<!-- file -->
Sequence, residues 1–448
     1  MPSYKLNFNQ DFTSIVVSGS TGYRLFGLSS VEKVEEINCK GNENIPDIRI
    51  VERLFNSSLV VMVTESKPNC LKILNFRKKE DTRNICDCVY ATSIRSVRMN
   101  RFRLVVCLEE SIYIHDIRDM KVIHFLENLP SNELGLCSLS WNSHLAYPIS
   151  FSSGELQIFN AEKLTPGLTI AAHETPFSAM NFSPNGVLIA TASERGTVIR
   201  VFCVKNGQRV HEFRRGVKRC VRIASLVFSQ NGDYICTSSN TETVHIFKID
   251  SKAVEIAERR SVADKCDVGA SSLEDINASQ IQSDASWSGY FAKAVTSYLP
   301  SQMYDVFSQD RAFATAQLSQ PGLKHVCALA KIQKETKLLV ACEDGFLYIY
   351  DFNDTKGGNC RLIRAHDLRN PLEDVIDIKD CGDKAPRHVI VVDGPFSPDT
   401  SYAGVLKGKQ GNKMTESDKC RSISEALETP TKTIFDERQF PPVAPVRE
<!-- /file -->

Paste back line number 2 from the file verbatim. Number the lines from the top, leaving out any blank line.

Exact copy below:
     1  MPSYKLNFNQ DFTSIVVSGS TGYRLFGLSS VEKVEEINCK GNENIPDIRI